Heyser’s Woods & Cedar Lawn the building of the Mansion House and the Fairgrounds
Continued from Hager’s Fancy – The Origin of the Hager House and Hagerstown
After Captain William Heyser II’s death the land is passed down to his son William Heyser III, who then in 1842 splits the property in 2 and gives 206 acres to his son George Heyser and 170 acres containing the park land to his son John Henry Heyser. The Heyser family became one of the more prominent families in the growing town of Hagerstown and grew very wealthy. In 1843 after years of courting, John Henry then 30, finally marries the stunningly beautiful 20 year old Susan Fechtig. Susan had initially refused his proposals, but John Henry promised her anything her heart desired for the only thing his heart desired.
In 1846 John Henry Heyser, completes a 3 year project of building Susan’s dream home. A huge plantation house for his newlywed wife and their daughter Clara who was born during the construction. John names the home georgian-style mansion Cedar Lawn, for the line cedars Susan had insisted on planting. An avid appreciator of nature, Susan also insisted on saving much of the existing forest of Heyser’s Woods, helping protect and plant some of the 2,000 assorted trees that still exist in the park.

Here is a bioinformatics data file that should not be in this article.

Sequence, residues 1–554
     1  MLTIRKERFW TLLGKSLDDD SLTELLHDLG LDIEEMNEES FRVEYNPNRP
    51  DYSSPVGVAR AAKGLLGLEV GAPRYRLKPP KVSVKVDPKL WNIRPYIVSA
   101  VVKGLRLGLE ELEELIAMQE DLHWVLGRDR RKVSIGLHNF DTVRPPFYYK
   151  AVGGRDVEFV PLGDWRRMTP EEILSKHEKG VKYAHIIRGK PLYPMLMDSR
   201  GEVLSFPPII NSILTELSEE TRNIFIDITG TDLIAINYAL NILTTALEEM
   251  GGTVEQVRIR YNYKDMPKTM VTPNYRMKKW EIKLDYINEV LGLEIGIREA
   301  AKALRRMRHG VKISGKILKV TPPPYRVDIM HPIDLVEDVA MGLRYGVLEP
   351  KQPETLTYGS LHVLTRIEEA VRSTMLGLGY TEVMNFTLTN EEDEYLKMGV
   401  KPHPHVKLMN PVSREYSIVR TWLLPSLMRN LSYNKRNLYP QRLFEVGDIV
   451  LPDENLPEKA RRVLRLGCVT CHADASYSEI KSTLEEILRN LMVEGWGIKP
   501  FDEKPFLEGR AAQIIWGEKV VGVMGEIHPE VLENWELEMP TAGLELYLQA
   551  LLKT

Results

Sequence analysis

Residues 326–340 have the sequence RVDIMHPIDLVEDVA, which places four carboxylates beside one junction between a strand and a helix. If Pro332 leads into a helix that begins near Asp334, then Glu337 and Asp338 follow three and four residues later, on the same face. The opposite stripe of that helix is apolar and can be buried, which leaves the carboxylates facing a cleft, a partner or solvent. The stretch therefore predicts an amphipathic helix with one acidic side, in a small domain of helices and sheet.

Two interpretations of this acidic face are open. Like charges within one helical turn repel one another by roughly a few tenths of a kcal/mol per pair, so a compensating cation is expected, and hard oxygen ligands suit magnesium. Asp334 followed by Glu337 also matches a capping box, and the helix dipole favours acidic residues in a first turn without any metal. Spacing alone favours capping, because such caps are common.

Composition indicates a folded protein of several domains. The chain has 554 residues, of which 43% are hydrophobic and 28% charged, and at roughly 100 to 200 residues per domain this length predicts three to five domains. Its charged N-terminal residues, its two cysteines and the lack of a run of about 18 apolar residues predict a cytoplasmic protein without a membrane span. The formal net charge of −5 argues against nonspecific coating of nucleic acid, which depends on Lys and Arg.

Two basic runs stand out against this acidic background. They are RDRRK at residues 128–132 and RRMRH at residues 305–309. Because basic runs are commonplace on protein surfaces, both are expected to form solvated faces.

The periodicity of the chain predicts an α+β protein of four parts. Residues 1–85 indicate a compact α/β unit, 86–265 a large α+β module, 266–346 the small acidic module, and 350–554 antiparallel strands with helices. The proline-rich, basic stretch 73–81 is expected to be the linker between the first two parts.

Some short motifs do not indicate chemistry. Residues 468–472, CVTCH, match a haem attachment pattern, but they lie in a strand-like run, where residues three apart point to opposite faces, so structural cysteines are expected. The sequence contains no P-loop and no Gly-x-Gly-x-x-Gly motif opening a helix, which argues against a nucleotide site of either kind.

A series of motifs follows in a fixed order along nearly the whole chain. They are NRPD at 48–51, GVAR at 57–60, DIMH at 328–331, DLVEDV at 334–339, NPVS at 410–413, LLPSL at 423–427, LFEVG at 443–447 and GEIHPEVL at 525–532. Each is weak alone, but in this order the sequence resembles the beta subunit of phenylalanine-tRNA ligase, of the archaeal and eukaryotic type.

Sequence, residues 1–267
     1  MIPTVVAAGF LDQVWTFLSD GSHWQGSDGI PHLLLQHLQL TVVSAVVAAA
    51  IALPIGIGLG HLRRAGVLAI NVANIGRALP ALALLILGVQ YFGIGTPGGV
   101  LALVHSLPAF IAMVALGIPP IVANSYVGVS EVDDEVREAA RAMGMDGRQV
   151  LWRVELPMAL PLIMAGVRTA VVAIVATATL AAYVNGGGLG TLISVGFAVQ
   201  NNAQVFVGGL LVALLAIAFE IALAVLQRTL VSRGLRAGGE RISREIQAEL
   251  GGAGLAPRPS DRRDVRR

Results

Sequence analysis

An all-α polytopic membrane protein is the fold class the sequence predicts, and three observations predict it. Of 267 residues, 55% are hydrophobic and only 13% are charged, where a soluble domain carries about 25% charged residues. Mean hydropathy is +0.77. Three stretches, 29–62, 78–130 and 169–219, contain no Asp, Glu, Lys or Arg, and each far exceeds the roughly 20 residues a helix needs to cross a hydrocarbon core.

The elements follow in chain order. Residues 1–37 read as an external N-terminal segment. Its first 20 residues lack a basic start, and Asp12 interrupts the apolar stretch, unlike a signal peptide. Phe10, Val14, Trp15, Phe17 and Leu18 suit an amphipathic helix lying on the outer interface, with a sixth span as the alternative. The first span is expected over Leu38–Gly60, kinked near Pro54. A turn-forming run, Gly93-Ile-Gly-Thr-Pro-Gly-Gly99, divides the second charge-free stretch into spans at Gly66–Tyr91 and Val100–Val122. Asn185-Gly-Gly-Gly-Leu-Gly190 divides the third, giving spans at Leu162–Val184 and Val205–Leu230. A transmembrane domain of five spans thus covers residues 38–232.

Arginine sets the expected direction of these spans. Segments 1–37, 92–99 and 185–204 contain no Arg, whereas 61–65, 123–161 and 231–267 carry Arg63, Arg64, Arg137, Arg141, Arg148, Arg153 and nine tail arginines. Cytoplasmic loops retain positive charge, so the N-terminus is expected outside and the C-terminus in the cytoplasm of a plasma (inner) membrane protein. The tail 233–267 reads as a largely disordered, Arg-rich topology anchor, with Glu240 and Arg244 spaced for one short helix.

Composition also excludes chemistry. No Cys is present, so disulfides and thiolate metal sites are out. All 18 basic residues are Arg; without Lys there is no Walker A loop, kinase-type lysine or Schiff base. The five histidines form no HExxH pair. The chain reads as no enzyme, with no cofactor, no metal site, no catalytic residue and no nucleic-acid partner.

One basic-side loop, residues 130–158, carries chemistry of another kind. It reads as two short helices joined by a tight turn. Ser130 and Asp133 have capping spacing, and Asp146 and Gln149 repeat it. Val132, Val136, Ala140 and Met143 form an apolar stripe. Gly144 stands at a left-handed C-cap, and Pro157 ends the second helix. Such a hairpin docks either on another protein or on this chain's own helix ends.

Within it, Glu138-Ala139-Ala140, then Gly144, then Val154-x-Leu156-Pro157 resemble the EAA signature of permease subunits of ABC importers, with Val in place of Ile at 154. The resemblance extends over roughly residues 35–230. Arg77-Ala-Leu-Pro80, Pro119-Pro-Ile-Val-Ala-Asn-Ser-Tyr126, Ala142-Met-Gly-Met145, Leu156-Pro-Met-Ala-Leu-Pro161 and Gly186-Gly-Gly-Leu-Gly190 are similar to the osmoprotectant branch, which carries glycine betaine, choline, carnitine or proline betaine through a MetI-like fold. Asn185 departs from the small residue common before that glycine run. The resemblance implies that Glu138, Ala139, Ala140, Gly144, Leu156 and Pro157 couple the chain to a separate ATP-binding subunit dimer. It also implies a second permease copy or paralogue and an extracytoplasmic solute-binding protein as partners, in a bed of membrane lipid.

The massive house with its large, inviting wrap-around porch is built of native limestone and bricks. The bricks were made from the mud of the graceful lake, which the house overlooks. Cedar Lawn is now known as The Mansion House.
The Mansion house included a thriving greenhouse on the home’s southern side, which provided the Heyser family with fresh produce, even in the cold, winter months. The unique oval-shaped hole in the center of the entryway’s ceiling once boasted a stained glass skylight that cast a soft glow through the home’s halls. The land around the main house supported an outdoor kitchen; living quarters for the Heysers’ slaves; a large barn; outbuildings for the manufacture and storage of John Henry’s extensive homemade wine inventory; and a mill for grinding grain and sawing wood. The wine cellar north of the house and remnants of the cellar can still be seen in between the house and the long wooden stair case if you follow the path down from the parking lot. The mill stones can also still be seen embedded in the walkway around park circle.